The much awaited 11th edition of the Dakart Biennale got off to great start with many local and international artists in attendance. Although the ceremony was largely carried out in French and many non-speakers like yours truly following the celebration either through an interpreter or just intuition.
The spoken word by the invited guests and key speakers might have been musical to some or utter torture to others but what we all were able to understand and indulge in was spoken by the most important speakers of the day— the artists and their magnificent, exquisite works of art.
The work that was showcased at the opening ceremony at the equally magnificent Grand Theatre was beautiful. The exhibition featured mainly Senegalese artists with both the young and old artists included. The work was very recent too from artists like Maodo Diang, Matos, Tita, Papi, leiKARA, Thia and others.
I was particularly struck by portraits of Papi, a young artist from Senegal/Mauritania with an interesting connection to Kenya. Just when he had started telling me that one of the portraits there was one he had done of his mother, a phone call from Nairobi came. When we resumed our chat, the first thing he asked me was whether I was from Kenya and that he went to school there.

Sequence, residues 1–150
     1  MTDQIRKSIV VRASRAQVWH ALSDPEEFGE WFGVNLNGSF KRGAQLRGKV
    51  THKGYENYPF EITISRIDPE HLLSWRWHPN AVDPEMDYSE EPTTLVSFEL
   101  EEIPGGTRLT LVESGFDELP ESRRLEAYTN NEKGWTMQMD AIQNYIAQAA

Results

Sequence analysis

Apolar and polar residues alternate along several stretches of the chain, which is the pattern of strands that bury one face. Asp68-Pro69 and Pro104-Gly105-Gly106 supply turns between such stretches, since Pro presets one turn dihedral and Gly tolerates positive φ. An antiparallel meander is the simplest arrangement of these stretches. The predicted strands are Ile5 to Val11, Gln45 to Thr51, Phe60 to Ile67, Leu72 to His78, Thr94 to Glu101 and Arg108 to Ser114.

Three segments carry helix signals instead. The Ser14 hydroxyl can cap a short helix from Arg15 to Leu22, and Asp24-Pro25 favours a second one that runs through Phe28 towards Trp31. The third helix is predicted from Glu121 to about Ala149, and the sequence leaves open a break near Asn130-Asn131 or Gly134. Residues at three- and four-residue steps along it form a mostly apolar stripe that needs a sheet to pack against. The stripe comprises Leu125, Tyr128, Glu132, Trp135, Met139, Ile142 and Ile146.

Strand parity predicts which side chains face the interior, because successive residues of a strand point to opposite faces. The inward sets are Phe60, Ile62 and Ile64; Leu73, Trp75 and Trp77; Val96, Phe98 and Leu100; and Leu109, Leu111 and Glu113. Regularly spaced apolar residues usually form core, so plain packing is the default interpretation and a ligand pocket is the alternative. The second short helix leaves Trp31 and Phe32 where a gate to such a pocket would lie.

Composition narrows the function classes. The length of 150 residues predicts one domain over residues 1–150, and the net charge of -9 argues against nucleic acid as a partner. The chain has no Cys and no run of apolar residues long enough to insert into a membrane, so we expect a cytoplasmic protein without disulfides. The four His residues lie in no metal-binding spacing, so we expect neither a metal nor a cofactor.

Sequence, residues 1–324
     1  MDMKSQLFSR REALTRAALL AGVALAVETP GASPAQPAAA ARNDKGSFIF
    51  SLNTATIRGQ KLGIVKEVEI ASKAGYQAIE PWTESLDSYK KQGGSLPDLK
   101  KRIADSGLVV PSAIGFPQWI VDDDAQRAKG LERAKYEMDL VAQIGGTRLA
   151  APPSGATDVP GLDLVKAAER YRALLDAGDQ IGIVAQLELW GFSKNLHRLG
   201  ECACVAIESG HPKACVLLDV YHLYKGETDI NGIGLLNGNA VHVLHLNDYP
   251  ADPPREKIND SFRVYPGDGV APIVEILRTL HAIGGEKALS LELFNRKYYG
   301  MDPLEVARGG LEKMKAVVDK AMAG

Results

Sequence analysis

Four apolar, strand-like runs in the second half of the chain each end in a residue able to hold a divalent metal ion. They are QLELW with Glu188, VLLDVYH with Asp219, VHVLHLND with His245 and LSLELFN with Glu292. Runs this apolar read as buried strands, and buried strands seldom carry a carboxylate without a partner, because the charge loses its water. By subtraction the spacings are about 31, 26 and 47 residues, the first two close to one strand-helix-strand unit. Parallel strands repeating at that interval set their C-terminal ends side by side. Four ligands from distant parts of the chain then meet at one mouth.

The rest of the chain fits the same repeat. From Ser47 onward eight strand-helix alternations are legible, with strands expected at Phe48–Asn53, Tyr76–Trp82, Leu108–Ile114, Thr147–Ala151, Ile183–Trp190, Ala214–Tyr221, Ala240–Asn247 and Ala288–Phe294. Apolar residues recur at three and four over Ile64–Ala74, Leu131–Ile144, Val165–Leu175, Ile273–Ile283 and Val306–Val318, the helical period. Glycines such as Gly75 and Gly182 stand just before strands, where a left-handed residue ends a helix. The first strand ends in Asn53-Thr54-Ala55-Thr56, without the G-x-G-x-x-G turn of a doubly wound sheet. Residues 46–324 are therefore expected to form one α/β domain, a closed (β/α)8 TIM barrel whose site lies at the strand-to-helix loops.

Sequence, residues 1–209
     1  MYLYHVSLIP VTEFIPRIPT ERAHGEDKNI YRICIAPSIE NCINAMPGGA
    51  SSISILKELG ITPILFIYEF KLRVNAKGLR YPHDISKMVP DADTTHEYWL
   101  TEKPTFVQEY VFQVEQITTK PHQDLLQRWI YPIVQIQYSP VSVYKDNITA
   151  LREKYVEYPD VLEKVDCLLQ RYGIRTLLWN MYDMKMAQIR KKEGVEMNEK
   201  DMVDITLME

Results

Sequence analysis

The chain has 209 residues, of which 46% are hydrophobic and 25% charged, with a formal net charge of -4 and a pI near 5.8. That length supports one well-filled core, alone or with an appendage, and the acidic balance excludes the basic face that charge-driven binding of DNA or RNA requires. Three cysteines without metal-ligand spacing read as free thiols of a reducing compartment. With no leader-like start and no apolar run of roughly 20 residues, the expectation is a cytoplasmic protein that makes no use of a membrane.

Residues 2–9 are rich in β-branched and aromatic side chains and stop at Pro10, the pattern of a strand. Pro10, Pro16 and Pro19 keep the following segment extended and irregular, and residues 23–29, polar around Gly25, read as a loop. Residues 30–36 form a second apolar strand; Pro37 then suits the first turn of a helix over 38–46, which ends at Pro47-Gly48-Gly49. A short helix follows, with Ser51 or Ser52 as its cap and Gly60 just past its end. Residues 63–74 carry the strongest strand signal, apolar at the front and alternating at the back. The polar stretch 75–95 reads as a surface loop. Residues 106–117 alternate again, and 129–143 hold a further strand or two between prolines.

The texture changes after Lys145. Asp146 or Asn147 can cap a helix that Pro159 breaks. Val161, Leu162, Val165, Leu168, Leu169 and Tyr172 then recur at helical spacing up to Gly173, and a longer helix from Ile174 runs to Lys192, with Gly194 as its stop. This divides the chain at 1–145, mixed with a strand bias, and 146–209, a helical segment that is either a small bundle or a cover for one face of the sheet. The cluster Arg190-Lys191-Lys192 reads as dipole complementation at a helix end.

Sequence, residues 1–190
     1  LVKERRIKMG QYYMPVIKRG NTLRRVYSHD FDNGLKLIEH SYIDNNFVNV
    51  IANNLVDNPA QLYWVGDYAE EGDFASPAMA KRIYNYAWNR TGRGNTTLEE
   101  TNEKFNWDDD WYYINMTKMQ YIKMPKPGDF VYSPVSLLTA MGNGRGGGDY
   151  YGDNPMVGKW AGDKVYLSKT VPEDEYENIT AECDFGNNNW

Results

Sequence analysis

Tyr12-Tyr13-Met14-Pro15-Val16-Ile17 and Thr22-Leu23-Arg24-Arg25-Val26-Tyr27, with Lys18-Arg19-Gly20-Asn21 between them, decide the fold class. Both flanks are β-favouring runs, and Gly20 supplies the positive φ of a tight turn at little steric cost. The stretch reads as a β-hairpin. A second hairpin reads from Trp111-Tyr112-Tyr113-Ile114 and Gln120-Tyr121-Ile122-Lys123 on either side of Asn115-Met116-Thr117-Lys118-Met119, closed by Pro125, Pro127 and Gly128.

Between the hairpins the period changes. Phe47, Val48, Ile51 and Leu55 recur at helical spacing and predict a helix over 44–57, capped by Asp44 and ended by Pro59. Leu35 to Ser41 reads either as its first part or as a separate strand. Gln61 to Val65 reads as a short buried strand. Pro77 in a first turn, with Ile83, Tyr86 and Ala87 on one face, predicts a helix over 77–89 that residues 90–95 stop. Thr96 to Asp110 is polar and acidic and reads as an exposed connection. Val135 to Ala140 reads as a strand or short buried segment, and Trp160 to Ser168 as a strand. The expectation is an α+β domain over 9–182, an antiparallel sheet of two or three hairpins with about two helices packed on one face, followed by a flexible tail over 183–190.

It has been a while now since Mamadou Wane a.k.a. Papi left Brookhouse School, now famous in Kenya because of hosting the Presidential debates during the March 2013 elections, but he has continued to grow impressively and particularly with portraits.
“As a young artists, I have chosen to concentrate with portraits because people are attracted to human faces and hands,” Papi said as we chatted about his work. “I want to experiment with realism and gradually graduate to what will be a personal style.
Tita Mbaye was equally impressive with his work of art that pay homage to the African soldiers from Senegal, Mali, Chad, Burkina Faso etc., who took part in the Second World War.
“I used natural ingredients “neb, neb” and glue from the baobab tree to create the leather like effect,” Tita told Kymsnet. “The piece tells a true African story.”
The Second World War has continued to inspire artists in all genres of art in French speaking Africa and Tita’s work is an indication that it is bound to continue for years to come.
There is plenty of artwork to see and artists to talk to with the opening of the international artists’ exhibition opening today and it has a many artists from the continent and the diaspora. This is complimented by the diverse and numerous the numerous Dak’Art Off exhibitions.